Visceral(Inside the abdomen) vs. Subcutaneous Fat: It’s All About Location of the Fat
If you awake one day with a big belly, and it is soft to poke or jiggles like a bowl of jelly you are safe (or at least for awhile) because it suggests predominantly subcutaneous fat (fat below the skin). On the other hand, if that same big belly is hard – think pregnant woman – then you have fat inside the belly and there is trouble ahead, sooner or later. The difference is good vs. bad fat deposits. In the figure below the belly is soft and flabby suggesting most of fat deposited is subcutaneous:
A French doctor in 1956 was the first to discover that the amount and location of fat deposits were associated with adverse health. Since then, it has clearly been established that chronic disease complications of weight gain are directly associated with the location and the amount of fat. The concept that an apple shape body, with most of the fat around the belly is far more dangerous than a pear shape body with most of the fat in the thighs and buttocks is well accepted.
Fat Around Belly is Typical of Aging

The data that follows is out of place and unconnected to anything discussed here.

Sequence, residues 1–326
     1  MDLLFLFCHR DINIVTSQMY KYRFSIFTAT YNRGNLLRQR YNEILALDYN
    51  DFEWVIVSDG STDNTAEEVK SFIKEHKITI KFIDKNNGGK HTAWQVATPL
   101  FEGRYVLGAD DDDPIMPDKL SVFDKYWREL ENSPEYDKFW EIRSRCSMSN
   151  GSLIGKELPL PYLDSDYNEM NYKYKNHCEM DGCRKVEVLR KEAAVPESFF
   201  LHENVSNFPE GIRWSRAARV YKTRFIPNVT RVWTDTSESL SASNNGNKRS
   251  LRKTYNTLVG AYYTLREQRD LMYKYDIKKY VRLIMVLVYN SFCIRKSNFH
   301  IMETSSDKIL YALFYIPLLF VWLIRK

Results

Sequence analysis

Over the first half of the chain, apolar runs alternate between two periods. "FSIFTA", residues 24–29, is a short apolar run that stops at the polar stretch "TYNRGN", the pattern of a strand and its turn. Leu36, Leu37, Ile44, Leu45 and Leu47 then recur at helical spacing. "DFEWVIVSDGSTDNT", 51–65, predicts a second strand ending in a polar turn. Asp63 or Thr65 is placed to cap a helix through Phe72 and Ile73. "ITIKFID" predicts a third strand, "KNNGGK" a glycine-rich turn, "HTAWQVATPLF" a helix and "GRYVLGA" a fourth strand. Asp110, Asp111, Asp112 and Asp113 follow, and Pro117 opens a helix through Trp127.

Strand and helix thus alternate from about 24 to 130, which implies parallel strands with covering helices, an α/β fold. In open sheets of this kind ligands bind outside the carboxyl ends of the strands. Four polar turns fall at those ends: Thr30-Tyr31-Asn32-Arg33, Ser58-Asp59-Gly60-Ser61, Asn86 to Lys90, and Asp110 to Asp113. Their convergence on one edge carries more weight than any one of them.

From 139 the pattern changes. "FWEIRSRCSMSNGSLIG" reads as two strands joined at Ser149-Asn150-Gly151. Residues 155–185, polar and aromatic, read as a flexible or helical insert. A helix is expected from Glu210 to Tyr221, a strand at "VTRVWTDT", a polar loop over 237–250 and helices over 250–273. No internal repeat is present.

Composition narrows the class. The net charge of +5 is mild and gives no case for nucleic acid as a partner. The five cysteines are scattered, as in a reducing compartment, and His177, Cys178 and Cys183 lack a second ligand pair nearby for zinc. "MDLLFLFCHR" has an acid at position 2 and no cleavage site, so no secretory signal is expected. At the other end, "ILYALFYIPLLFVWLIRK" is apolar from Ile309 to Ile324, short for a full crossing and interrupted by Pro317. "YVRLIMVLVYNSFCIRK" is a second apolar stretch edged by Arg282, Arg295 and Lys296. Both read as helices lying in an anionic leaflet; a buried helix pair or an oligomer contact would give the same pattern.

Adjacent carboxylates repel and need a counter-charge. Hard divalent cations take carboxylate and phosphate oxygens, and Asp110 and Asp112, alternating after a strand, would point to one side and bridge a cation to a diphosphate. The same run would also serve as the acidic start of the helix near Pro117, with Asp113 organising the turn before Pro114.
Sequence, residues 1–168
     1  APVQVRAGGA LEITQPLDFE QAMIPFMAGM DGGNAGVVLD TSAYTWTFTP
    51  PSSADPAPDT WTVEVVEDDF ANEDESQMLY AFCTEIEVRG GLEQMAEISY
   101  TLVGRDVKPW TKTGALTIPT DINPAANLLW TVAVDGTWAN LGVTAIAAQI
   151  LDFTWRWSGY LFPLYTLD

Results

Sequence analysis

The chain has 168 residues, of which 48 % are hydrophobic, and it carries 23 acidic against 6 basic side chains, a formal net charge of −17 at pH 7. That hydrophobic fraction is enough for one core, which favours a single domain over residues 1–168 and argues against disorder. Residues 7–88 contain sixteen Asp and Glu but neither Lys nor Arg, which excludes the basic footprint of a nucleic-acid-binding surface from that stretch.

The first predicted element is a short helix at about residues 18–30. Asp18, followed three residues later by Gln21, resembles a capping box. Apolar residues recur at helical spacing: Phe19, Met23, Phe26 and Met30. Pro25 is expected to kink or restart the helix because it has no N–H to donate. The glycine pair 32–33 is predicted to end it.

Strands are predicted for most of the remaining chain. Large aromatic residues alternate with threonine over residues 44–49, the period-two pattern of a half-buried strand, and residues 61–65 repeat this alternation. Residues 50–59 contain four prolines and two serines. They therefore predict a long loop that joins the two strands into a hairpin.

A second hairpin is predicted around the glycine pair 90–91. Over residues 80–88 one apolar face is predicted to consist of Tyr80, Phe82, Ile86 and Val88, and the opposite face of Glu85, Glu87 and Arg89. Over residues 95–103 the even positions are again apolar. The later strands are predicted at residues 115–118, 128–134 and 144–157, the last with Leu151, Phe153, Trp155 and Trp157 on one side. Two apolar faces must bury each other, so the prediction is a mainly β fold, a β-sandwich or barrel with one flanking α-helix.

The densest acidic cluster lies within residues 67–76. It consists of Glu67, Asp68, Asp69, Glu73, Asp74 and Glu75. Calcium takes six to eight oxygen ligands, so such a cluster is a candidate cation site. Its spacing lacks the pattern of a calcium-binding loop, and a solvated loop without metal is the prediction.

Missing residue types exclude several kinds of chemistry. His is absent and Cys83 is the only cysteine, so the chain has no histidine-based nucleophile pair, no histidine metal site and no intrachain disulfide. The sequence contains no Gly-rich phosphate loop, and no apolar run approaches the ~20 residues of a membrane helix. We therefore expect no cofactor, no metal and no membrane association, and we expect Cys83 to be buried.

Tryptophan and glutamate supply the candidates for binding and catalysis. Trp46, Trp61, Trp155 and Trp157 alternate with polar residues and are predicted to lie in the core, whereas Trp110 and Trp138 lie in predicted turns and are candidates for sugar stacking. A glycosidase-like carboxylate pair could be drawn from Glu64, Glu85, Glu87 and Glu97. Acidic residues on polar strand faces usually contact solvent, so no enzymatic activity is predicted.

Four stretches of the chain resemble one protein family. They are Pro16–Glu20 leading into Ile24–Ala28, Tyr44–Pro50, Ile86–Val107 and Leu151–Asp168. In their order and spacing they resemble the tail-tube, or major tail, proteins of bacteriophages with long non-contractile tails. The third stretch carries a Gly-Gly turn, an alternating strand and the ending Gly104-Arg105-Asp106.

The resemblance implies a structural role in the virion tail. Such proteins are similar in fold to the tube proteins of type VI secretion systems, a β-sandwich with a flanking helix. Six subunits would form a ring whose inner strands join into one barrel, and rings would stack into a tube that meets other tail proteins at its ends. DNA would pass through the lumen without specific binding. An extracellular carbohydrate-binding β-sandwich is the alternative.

The fact that fat depositions change as we age, is not so well known. A preferential increase in abdominal fat, especially with fat inside the abdomen and decrease in lower body fat has become typical of aging. This can be independent of total fat content, body weight or even waist circumference.
Fat deposits seem to have a life of their own and almost rearrange themselves. The changes are not readily apparent when weight is evaluated the scale, BMI or even waist circumference alone. If you can pinch a large area of fat around the belly, then it’s the safer subcutaneous fat.
Population studies in humans suggest that body weight and fatness increase fifth and sixth decade. Then begins a gradual decline in body weight, muscle mass and minerals in the bones.
WAIST CIRCUMFERENCE; TELLS YOU HOW MUCH FAT IS INSIDE YOUR ABDOMEN
The BMI tells how your weight ranks statistically with other Americans in relation to your height. The WAIST CIRCUMFERENCE shows you how your weight relates to complications of obesity: hypertension, heart disease, cancer, strokes and especially diabetes. These problems are directly related to fat gain inside the abdomen.
Since this fat is hard to measure, the fat around the outside of the belly, the waist circumference is used instead.
Normal women have waist less than 35 inches
Normal men have waist less than 40 inches
Use the table to see the status of your WAIST CIRCUMFERENCE
The Dangerous Fat is FAT Inside the Abdomen: The Visceral Fat